Have you seen the commercial where the mom of a sobbing child asks, “Alexa, when did Madison last have a tetanus shot?” And Alexa says, “Madison had a tetanus shot on 8/15/16, and is due for another one on 8/15/26, though the Mayo Clinic recommends a booster shot if she experiences a puncture wound.” And then the mom asks Alexa to locate the nearest open urgent care center that accepts the family’s insurance, and Alexa comes through with driving directions, travel time, and estimated wait time?
You haven’t? Neither have we.
About 40 percent of U.S. households — a number that grows every day — ask Alexa and Siri and “Hey Google!” to perform an astonishing variety of data-related tasks. But they rarely include those that have anything to do, except in the most general way, with health and medical care.
At the fifth annual MIT Enterprise Forum Connected Things event, the report card on the state of Internet of Things seemed to deliver mixed results. In the five years since the event kicked off, the IoT and Edge Computing space has evolved in some ways and not really materially changed in others.
However, one aspect of the event that struck me was that I didn’t see or hear much that looked like solutions in search of problems. This partly reflects a focus on technologies and applications that aren’t part of the consumer gadget space (which still seems to feature more IoT toys than genuinely useful products).
But it also reflects a maturing industry segment that has really started thinking about use cases and how to systematically apply IoT technology for business value. Let’s check in on five key areas:
Ottawa-based software as a service (SaaS) accelerator program L-Spark Corp. is launching a new Secure IoT Accelerator program, working with Telus Corp, BlackBerry Ltd. and Solace, the group announced on Wednesday.
The program will work with Canadian ventures developing Internet of Things (IoT) products and services. With communications vendor Cisco Systems Inc. predicting the global IoT market will be worth $1.1 trillion USD by 2021, there’s plenty of incentive to develop more advanced and secure IoT technologies.
The accelerator will not provide any funding to firms selected to take part, according to Leo Lax, the executive managing director at L-Spark. Nor do they have to pay any fee to take part or share any of the intellectual property they develop. But they do have to put their R&D resources towards developing a proof of concept on a hardware and software platform being provided by the three technology firms partnered with the accelerator.
Alex “Jay” Balan, Bitdefender’s Chief Security Researcher, begs to differ. “Internet of Things is not optional,” he said here at RSA. “It’s not the user’s choice. Everything is becoming smart.”
Every network printer is an IoT device, he pointed out. “People believe that the printer is secure because it’s a physical box. I can take the paper out, and nobody can print. But in reality, anyone on the network can access the printer, and most have a management console without a password.”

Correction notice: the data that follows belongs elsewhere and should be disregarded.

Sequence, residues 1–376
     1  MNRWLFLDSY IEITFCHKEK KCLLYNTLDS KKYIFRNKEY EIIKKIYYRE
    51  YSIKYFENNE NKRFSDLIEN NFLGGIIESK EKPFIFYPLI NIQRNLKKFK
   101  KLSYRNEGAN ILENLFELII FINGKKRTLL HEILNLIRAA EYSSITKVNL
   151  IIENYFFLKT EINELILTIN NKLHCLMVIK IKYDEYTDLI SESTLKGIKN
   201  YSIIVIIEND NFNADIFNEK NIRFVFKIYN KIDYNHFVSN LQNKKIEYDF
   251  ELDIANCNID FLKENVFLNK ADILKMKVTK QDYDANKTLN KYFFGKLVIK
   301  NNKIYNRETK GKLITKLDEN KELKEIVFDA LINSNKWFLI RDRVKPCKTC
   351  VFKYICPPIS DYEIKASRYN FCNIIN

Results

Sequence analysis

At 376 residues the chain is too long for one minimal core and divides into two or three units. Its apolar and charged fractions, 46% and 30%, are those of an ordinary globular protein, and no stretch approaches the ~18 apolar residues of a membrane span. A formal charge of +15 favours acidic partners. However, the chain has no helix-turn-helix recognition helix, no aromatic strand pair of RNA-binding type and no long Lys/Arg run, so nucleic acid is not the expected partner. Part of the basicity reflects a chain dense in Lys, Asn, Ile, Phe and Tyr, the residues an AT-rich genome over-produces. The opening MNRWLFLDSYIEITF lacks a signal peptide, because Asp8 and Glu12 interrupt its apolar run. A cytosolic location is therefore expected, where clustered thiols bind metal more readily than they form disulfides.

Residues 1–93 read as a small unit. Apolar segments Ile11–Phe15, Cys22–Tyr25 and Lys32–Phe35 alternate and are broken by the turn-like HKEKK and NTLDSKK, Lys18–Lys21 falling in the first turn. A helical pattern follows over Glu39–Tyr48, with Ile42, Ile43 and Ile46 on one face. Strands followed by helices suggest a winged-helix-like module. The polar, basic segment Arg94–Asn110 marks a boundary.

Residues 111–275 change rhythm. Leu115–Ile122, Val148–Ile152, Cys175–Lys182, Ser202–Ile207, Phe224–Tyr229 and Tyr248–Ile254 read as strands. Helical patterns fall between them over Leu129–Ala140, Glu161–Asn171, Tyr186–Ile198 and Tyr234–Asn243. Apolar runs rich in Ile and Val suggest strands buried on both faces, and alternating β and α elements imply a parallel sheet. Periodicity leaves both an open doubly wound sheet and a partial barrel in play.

Getting access to every document a printer ever printed doesn’t even require an exploit, because the functionality is simply present and available.
The Internet of Things is everywhere, and it continues to grow as manufacturers add computing capacity to more and more of their products. All of these Internet-connected devices present a security risk, and it’s a lot bigger than an intruder adjusting a homeowner’s Nest thermostat a couple of degrees. We can all help reduce the security risk associated with IoT by adopting the concept of herd immunity.
The Internet of Things (#IoT) as a concept is fascinating and exciting, but the key to gaining real business value from it, is effective communication between all elements of the architecture so you can deploy applications faster, process and analyze data at lightning speeds, and make decisions as soon as you can.
Last Monday, a bipartisan group of Congressional members introduced in the Senate and House The Internet of Things (IoT) Cybersecurity Improvement Act of 2019. Sponsored by Senators Mark Warner (D-VA), Cory Gardner (R-CO), Maggie Hassan (D-NH), and Steve Daines (R-MT) and Representatives Robin Kelly (D-IL) and Will Hurd (R-TX), the bill is a revised version of an earlier bill of the same name introduced in 2017 with different co-sponsors.
“Further significant technical issues have been identified in Huawei’s engineering processes, leading to new risks in the UK telecommunications networks,” said the annual report from the Huawei Cyber Security Evaluation Centre (HCSEC) Oversight Board. The board oversees the unit that evaluates the security of the Chinese company’s products used in UK telecoms network.
The report warned: “Overall, the Oversight Board can only provide limited assurance that all risks to UK national security from Huawei’s involvement in the UK’s critical networks can be sufficiently mitigated long-term.” However, it said it did not believe that the flaws it had found were due to Chinese state interference.
Children playing in a middle school gym in Indonesia; a man getting ready for bed in a Moscow apartment; an Australian family coming and going from their garage; and a woman feeding her cat in Japan.
All of these were live on the internet on Friday to anyone who knew the right address, through cameras with little or no security, whose owners probably don’t realize they’re broadcasting every second online.The rise of the “internet of things” (IOT) — a vague term covering anything which connects to the internet that you usually wouldn’t expect to — has flooded households and businesses across the world with poorly secured devices easily accessible online, from webcams and printers to “smart” fridges and speakers.